I’ve been chatting to Thomas Otter from Gardner at the InfoHRM conference.
I love meeting other great HR bloggers – although I’ve still not met many (Thomas I think is my eighth after Michael VanDervort, Laurie Ruettimann, Joel Cheesman, Kari Quass, Jessica Lee, Scott McArthur and Jason Averbook). Perhaps we need HRevolution in Europe as well?
Anyway, I asked Thomas about his tag ‘Vendorprisey’ for his blog and tweets and he explained that some time ago ‘Enterprisey’ meant something corporate and bureaucratic. (Actually I can’t quite remember what Thomas said after a few glasses of Peter Howes’ wine.) And Thomas decided to apply this to his role as a vendor (this was while he was at SAP).
Thomas talked first about the emergence of the Talent Management suite. Many organisations bought ERP systems intending to use them to do the full HR but this never happened. Instead new vendors bolted onto ERP systems so organisations moved from single system to combinations of best of breed ones. These have been growing and integrating and now offer what’s being called Talent Management suites.
Secondly, he looked at the state of the HR technology market – there’s currently more interest in fully using existing systems of record, consolidating systems, undertaking smaller projects and achieving faster ROI, as well as postponing big upgrade projects.
We also looked at Gartner’s hype cycle. There’s increasing interest in workforce planning, but this isn’t yet overly hyped. And there’s increasing interest in HCM and social software.
IT has previously set priorities for software. But there’s now a wave of people coming into the workforce with different demands – they’ve used Facebook and Google docs – and the work differently. This is putting pressure on IT departments and the systems that we use.
An example is the new tools Starbucks is using to allow their staff as a community to swap shifts between themselves. They can even set prices for their time or for taking a shift off them, and it’s all be made easy to use.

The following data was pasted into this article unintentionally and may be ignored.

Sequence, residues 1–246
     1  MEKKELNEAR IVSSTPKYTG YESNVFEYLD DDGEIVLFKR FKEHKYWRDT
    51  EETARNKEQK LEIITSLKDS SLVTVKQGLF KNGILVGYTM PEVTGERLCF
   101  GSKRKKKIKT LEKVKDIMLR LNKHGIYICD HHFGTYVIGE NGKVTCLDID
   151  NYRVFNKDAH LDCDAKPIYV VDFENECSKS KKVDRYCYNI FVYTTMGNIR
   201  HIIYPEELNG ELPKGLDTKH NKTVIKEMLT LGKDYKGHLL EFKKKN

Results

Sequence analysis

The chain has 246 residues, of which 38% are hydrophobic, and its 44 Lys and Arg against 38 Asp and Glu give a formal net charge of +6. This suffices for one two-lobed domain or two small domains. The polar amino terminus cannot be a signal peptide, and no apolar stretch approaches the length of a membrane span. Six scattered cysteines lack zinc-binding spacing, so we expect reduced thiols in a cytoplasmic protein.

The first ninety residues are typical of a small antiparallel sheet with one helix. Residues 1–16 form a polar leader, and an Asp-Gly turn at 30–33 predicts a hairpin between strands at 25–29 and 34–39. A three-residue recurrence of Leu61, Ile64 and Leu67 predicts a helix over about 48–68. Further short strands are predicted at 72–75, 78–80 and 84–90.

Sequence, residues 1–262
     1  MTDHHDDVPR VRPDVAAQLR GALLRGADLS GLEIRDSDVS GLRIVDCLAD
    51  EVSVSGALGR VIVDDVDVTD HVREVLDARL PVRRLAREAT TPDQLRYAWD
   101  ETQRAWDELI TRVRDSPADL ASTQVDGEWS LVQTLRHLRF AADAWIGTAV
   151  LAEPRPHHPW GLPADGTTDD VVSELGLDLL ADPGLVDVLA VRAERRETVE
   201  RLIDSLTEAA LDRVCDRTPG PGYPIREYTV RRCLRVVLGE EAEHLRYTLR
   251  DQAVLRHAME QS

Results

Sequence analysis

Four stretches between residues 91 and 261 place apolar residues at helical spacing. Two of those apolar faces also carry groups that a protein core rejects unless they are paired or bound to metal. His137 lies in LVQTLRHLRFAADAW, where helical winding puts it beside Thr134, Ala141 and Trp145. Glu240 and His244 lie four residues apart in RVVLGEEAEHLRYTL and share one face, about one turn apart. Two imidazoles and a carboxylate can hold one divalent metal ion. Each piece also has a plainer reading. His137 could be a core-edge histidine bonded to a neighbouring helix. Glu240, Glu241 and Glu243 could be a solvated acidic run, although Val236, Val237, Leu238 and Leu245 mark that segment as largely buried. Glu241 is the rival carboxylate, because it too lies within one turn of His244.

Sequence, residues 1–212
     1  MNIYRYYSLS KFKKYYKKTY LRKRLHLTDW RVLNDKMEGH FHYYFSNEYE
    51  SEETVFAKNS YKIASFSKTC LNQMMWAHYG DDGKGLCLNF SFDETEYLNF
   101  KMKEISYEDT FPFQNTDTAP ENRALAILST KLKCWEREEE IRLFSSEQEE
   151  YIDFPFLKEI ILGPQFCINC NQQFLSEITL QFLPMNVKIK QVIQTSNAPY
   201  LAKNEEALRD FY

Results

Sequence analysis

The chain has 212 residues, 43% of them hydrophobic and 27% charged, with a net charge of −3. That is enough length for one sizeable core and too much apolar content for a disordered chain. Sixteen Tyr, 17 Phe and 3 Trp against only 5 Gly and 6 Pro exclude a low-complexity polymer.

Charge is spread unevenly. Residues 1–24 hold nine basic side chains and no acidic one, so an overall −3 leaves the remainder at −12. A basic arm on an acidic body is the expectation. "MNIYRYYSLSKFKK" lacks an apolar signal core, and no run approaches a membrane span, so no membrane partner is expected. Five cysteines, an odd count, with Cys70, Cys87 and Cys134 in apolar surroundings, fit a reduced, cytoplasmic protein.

(I talked about this on my HRchitect podcast interview – I equated system of record systems with value for money in the value triangle, talent management systems which provide management information for better decision making as adding value, and these types of social systems as creating value, because they allow people to actually work in better ways.)
One implication of this is that companies need a social media policy. (IT blocking access to Facebook is one policy – but not one Thomas [or I!] would recommend.)
The implication for workforce analytics is that while the data HR demands will continue to grow gradually, there will be dramatic growth of the data employees provide voluntarily.
Thomas has a client that has given employees an applet to put on the Facebook pages to encourage their friends to come and work with them, notify them of new vacancies etc. The company can track application, notify the person that a friend has applied to join them and track referral bonus payments etc.
The challenge for analytics is now more about analysing relationships between data points – using social network analysis etc.